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Understanding Wheel Rim Depth for Triathletes

Not sure which rim depth to use when? We've unlocked the mystery in our easy-to-read guide.

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Note: This piece is a portion of our extensive three-part wheel guide that also includes our look at the new trend in wheel width (and why you might need it) and an expert rated look at six of the latest and greatest carbon hoops

In the world of triathlon gear, bike frames often get the most attention. We assume the frame is responsible for everything from aerodynamics to ride quality to acceleration and more. And while bike frames are a big part of the equation, many triathletes don’t pay as much attention to the spinning things underneath them: the humble wheel.

While each component of a wheel is important—hubs, spokes, and even the tires and tubes that go on them—thanks to the proliferation of carbon and, more recently, disc brakes, triathletes have more choices than ever before when it comes to rims. And rims are a huge player in the aerodynamics/ride quality/acceleration jigsaw puzzle.

The biggest variety of wheel choices comes, even within a certain brand or model, via the depth of the wheel’s rim. Traditionally, the deeper a rim the more aerodynamic it is when the wind is hitting it at certain angles. “With a deeper cross section, the airflow stays attached to the rim longer and separates later, minimizing the size of that low pressure region behind it,” said Luisa Grappone, the engineering and product manager for the Rider Firm, the company that owns Hunt Wheels, among others. “By minimizing the size of that low pressure region, the magnitude of the turbulence is smaller and the drag force is lower.” In other words, a deeper rim creates less drag, which is a good thing—but there’s more to a rim than just drag.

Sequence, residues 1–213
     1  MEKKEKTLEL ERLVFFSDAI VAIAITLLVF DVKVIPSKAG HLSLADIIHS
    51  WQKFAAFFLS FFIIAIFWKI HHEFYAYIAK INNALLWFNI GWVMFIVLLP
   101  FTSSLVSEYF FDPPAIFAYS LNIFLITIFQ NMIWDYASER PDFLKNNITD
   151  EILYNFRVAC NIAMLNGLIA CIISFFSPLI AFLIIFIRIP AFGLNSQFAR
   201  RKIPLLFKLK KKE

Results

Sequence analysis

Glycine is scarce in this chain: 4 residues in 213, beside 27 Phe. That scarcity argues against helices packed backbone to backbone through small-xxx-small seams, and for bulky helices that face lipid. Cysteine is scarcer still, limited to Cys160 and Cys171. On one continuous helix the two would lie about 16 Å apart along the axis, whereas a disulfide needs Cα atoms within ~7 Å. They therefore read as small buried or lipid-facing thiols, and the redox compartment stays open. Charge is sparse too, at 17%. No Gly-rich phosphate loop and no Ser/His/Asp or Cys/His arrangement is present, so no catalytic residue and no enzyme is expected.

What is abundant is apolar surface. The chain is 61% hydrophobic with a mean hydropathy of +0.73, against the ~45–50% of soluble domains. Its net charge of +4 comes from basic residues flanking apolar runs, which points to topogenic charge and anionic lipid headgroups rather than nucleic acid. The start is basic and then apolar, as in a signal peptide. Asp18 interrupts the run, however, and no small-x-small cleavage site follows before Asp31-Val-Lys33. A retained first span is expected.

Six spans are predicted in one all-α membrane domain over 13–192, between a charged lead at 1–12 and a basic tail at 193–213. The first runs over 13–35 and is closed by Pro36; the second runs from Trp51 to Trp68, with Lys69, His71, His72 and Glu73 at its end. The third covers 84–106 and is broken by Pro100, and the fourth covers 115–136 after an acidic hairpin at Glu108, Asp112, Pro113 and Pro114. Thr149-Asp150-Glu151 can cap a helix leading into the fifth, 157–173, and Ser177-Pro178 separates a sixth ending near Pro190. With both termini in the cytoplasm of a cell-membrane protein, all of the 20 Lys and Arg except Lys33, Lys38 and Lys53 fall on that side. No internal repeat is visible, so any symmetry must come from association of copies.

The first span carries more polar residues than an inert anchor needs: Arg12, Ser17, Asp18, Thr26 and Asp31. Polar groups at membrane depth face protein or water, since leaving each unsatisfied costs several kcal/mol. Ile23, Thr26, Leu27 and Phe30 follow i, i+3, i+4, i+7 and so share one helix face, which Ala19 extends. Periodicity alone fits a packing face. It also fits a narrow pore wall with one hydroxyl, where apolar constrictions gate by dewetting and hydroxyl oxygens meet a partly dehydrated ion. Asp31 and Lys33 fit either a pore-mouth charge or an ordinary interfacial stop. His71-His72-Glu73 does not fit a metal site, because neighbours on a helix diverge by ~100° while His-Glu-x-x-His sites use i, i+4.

First, a deeper rim is typically heavier—which isn’t quite as important in triathlon as in cycling, since you don’t generally need to attack suddenly or do long, steep climbs. But a deeper wheel also presents a bigger side profile to the wind and gets more side forces. “Those forces will be the same for both a heavier and lighter cyclist, but a heavier cyclist—assuming he has the same riding skills as the lighter rider—will better oppose the force of the wind trying to push the wheel perpendicular to the direction of travel,” Grappone added. “A deeper wheel is more difficult to handle or, at least, requires better riding skills, as it’s subjected to higher side forces and steering moments.”

A deeper rim is also stiffer, for better or for worse. This means that if everything else is equal (and it’s important to note that hub flange size and spokes also play big roles here), a deeper rim will ride rougher than a shallower counterpart with the same construction. A deeper rim will also have greater lateral, side-to-side, stiffness due to the bracing angle of the spokes. So which is best? Our chart/graphic below can help you choose the right rim depth. Finally, check out our expert guide on this year’s top wheel choices.

NOTE: A lighter rider will require exponentially greater skill with more wind on a deeper front rim in particular.